String Quartet No.2 in G Major, Op.8
“The Swiss composer, Werner Wehrli (1892-1944) studied both music and natural sciences in Munich and later in Berlin. While in Berlin, his String Quartet No.2 in G, Op.8 won the Frankfurt Mozart Foundation’s first prize beating out the works of several better-known composers including Hindemith. Poco Adagio is the misleading tempo to the first movement which in actuality is at times fast, at times moderate but not particularly slow. The tonalities show the influence of Richard Strauss. The music alternates between emotionally charged episodes and nearly total calm. The next movement, Allegro vivo, begins slowly but picks up speed. It is a dance-like serenade. The third movement, Un poco animato, allegro moderato, is, from the standpoint of tempo, quite varied. Occasionally very lyrical, the writing is primarily in a neo-classical idiom. The finale, Vivacissimo brings back the themes from earlier movements. The integration of these ideas is excellent. This is an effective work."---The Chamber Music Journal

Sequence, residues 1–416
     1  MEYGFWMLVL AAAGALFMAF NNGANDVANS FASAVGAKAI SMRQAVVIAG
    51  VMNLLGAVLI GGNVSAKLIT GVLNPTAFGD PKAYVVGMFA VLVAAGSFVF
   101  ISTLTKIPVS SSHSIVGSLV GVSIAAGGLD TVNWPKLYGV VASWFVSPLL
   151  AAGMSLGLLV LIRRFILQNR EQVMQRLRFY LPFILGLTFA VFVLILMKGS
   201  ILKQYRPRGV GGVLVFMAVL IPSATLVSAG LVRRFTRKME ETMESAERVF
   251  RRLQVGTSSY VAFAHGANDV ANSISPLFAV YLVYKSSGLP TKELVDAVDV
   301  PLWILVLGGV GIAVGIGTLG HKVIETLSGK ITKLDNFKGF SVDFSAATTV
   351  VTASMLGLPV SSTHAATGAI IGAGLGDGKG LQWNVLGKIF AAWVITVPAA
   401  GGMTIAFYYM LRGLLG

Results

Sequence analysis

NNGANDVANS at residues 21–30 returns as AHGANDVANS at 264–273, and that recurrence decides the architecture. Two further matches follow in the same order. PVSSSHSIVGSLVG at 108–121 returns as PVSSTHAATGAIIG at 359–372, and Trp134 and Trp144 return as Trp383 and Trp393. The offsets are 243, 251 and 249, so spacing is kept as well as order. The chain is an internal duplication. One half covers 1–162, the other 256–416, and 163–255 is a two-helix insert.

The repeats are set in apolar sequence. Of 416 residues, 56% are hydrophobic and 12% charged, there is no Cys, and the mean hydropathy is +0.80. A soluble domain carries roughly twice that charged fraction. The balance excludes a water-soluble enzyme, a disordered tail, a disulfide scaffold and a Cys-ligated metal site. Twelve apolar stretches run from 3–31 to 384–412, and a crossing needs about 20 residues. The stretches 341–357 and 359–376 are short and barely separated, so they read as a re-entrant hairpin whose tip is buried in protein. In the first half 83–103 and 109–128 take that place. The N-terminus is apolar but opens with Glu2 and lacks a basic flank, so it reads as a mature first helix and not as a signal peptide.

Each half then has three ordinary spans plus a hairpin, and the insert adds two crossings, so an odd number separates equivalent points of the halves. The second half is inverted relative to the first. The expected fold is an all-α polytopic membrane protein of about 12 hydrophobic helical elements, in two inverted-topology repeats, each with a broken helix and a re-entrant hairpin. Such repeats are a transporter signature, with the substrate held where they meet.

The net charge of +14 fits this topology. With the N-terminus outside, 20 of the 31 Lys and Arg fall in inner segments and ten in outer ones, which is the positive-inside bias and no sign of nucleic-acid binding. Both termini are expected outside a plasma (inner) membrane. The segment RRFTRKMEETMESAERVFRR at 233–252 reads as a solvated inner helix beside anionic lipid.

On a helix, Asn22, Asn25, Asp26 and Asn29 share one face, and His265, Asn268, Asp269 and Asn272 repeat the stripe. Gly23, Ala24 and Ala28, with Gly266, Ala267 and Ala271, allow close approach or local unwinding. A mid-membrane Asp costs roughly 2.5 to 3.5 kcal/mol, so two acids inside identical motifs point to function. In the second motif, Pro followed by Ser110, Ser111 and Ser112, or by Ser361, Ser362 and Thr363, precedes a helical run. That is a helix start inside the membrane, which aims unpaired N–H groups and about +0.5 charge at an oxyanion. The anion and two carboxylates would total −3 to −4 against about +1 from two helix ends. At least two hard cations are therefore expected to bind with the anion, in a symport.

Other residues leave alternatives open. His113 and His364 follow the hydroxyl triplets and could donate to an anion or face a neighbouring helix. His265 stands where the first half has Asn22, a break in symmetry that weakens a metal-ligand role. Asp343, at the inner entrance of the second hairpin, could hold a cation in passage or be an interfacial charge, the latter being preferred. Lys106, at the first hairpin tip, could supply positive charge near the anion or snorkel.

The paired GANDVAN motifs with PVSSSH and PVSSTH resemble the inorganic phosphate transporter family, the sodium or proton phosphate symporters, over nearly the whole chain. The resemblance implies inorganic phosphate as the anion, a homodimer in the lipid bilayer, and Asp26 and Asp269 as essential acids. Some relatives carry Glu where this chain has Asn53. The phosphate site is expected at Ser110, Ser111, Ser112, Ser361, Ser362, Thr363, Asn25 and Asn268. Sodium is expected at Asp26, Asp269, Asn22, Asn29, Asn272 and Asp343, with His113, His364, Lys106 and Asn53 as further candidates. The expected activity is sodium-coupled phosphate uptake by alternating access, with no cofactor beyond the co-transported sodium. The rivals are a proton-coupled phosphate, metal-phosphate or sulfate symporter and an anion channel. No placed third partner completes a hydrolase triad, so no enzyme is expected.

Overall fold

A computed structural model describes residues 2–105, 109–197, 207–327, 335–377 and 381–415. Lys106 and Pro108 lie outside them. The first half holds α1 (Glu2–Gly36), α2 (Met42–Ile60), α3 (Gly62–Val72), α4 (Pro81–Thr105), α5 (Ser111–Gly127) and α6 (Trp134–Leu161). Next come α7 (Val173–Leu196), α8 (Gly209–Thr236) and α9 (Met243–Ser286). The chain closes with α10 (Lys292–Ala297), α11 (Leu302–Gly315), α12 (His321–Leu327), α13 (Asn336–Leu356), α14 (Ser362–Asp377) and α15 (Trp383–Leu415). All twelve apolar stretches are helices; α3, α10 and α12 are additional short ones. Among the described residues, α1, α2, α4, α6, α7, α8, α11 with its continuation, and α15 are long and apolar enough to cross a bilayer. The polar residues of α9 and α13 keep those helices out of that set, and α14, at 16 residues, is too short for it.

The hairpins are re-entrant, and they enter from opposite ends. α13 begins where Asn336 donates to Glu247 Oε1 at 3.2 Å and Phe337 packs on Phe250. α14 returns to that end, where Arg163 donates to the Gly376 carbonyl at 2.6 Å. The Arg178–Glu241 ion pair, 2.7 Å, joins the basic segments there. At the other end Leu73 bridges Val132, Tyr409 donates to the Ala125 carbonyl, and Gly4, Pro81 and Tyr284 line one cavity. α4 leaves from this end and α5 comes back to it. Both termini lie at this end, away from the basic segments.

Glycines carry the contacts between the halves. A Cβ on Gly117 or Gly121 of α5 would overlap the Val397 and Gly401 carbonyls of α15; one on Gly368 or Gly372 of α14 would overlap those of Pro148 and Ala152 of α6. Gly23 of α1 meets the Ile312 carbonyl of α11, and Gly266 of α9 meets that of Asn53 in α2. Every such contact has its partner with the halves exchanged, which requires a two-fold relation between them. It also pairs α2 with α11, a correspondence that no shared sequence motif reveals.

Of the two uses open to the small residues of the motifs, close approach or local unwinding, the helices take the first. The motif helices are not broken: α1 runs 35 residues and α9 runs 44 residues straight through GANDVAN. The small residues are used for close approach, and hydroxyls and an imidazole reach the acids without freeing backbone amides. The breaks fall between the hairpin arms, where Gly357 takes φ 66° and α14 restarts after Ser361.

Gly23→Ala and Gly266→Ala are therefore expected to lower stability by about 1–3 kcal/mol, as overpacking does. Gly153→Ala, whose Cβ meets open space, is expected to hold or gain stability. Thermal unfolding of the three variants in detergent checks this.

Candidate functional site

Werner Wehrli (1892-1944) was born in the Swiss town of Aarau. His main music studies were in Basel with the Hans Huber and Hermann Suter. He pursued a career as a teacher mostly in his home town. His marriage to a singer influenced his compositions which were mainly for voice in one form or another. However, he did write a fair amount of chamber music, including three string quartets, an interesting trio for violin, horn and piano as well as some instrumental sonatas. He was considered one of Switzerland's leading composers between the two world wars.
This is an original and interesting work, dating from 1914, which is suitable for both professionals and amateurs and is a worthwhile additional to the post-romantic tradition with its neo-romantic and neo-classical writing and because it was considered by the Swiss Academy as one of the earliest examples of the newly emerging Swiss national musical style. That it is quite well-written for the instruments is no accident as Wehrli was a violinist and a long-time member of a performing Swiss string quartet.